Archie Ingersoll, Forum Communications Co., Published January 31 2010
UND study examines juveniles in adult courtAfter testing more than 70 adolescents in the Grand Forks County juvenile court system, UND researchers have concluded that courts nationwide should take steps to ensure that juveniles being tried as adults are mentally fit.
The study’s findings suggest that court officials should consider the results of competency and psychological tests in determining if juveniles, whose brains are still developing, understand the consequences of certain legal decisions, such as choosing between going to trial or accepting a plea deal, said Mariah Laver, a psychology graduate student who helped run the study.
Roughly 200,000 juvenile cases go through adult criminal courts in the U.S. each year, according to the Campaign for Youth Justice. Laver said none of the study participants, whose offenses ranged from skipping school to assault, was tried as an adult but that the group represents a population similar to those who are.
To attract participants, ages 12 to 17, researchers posted ads in the Herald and fliers at the juvenile court offices. Participants, who were each compensated with a $100 gift card to one of several local stores, underwent five hours of assessments that examined their social skills, verbal comprehension, processing speed, attention span, memory and reasoning. They were also tested specifically on their grasp of legal concepts and their competency to stand trial, which includes the ability to understand the charges against them and the court process.
“We kind of found what we expected to find which was, you know, better reasoning and better understanding of court proceedings was associated with higher intelligence levels,” Laver said.
Unruly vs. delinquent
Participants were put in two categories: unruly juveniles who were accused of offenses dependent on age, such as drinking, smoking or truancy; and delinquents who were accused of crimes not dependent on age, such as theft or assault.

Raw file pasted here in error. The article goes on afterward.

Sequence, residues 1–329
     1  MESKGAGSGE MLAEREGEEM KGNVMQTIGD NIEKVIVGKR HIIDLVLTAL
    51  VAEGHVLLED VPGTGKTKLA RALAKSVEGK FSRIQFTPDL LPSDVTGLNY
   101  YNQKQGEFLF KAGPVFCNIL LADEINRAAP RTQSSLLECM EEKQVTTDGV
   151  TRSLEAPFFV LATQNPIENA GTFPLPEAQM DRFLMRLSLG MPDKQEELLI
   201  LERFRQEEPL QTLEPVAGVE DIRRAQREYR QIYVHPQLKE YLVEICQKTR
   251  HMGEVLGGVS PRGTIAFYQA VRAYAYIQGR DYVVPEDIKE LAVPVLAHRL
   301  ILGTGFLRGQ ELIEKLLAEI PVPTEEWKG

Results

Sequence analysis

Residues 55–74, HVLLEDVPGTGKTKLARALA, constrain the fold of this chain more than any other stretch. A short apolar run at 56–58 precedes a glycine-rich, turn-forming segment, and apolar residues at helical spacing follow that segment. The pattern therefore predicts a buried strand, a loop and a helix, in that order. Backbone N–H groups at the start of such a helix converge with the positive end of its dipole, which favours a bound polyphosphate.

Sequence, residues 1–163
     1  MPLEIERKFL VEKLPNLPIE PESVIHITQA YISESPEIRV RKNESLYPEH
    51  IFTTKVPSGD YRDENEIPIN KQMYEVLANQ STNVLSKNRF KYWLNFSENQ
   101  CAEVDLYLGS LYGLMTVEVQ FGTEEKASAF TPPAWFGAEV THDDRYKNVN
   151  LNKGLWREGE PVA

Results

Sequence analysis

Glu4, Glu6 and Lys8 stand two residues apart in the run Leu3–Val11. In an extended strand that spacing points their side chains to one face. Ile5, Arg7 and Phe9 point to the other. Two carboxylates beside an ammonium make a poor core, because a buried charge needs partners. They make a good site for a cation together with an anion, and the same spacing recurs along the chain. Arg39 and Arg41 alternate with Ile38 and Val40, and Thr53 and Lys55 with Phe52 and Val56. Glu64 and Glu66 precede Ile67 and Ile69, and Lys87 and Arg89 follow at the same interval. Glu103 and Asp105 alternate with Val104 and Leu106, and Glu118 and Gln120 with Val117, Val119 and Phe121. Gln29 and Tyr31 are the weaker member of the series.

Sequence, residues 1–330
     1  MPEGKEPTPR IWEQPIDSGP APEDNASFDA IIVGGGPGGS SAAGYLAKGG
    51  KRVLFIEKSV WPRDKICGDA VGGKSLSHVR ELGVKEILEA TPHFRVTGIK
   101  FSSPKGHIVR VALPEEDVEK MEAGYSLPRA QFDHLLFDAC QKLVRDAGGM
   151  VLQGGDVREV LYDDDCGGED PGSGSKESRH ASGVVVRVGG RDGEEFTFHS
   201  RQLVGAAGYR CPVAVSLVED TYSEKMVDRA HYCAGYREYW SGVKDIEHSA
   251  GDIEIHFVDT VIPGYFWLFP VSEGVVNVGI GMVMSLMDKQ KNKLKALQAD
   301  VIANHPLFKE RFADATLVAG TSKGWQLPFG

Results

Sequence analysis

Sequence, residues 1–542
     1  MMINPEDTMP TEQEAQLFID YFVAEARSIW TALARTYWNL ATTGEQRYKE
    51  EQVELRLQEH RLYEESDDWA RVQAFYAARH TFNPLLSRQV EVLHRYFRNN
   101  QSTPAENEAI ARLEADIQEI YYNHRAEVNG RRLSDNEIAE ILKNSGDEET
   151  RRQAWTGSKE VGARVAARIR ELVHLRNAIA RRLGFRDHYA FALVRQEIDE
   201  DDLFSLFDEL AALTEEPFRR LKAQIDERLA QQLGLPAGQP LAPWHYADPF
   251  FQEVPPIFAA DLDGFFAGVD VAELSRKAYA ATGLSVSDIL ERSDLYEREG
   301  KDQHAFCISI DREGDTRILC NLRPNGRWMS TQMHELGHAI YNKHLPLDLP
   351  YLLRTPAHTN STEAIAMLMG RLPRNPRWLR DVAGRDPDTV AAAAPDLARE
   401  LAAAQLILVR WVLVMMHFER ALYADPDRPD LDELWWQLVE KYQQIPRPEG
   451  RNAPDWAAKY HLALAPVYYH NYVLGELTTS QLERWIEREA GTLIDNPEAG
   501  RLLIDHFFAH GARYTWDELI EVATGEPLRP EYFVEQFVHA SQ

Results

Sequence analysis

Laver said that, on average, unruly juveniles fell into the normal range on psychological assessments, while delinquents showed deficits in attention span, planning, reasoning and problem solving. She said the unruly kids were also found to be more anxious.
As a caveat, she pointed out that the study had a significantly higher number of delinquents than unruly juveniles, which may have skewed the results.
The parents of participants filled out surveys on their children’s behavior, their relationships with their children and the stress of being a parent. Laver said parents of unruly juveniles were better at setting limits for their kids and had families who were more expressive and open.
The study, headed by Dr. April Bradley of UND, builds off earlier research by others. According to a paper published in 2000 by The Sentencing Project, a Washington, D.C.-based organization: “Recent studies on child development and competency question the extent to which young children are able to assist counsel or understand the trial process.” The paper goes on to outline disadvantages children face at various stages in the adult legal system.
Magistrate David Vigeland, who handles roughly half the county’s juvenile court cases, said he routinely asks the children in his courtroom if they understand their rights and if they know why they’re in court and how process works. If there’s a question of whether a juvenile comprehends what’s going on, Vigeland said, judges can consult with parents or appoint an attorney for the child.
“I haven’t really seen any serious problems where someone didn’t appreciate why they were here,” he said. “Ordinarily, they’re able to make a rational decision how they want to proceed.”
Vigeland said juveniles in the county don’t undergo any sort of testing before they come to court. Although, more screening may be beneficial, he said.
“There’s a difference between adults and young people just in their development and in their … mental state,” he said. “So, I think we just have to be really careful, you know, to ordinarily make the distinction between juveniles and adults.”
Vigeland said he’s presided over serious juvenile matters, including rape and assault cases, but has not had one move into adult court.
In North Dakota, juveniles who are 14 and older and have committed a violent crime, such as murder or rape, are automatically tried in adult court, said Shawn Peterson, who oversees the county’s juvenile probation officers.
In his 13 years with the county, Peterson said, there hasn’t been an automatic transfer but did note the 2008 adult-court conviction of Sergei Carlson, a 16-year-old charged with killing his sister in Fargo. Peterson said cases of repeat offenders accused of crimes less serious than murder or rape can be transferred to adult court if they haven’t responded to attempts at rehabilitation in the juvenile system.
“I don’t think North Dakota courts are aggressive in trying to make people transfer,” he said. “It doesn’t happen very often.”
Peterson said local court officials consider the psychological needs and mental capacities of juvenile offenders in deciding how to deal with them.
“We’ve certainly had individuals in the courtroom who are lower functioning but are still determined … to know right from wrong,” he said.
Archie Ingersoll is a writer for the Grand Forks Herald, which is owned by Forum Communications Co.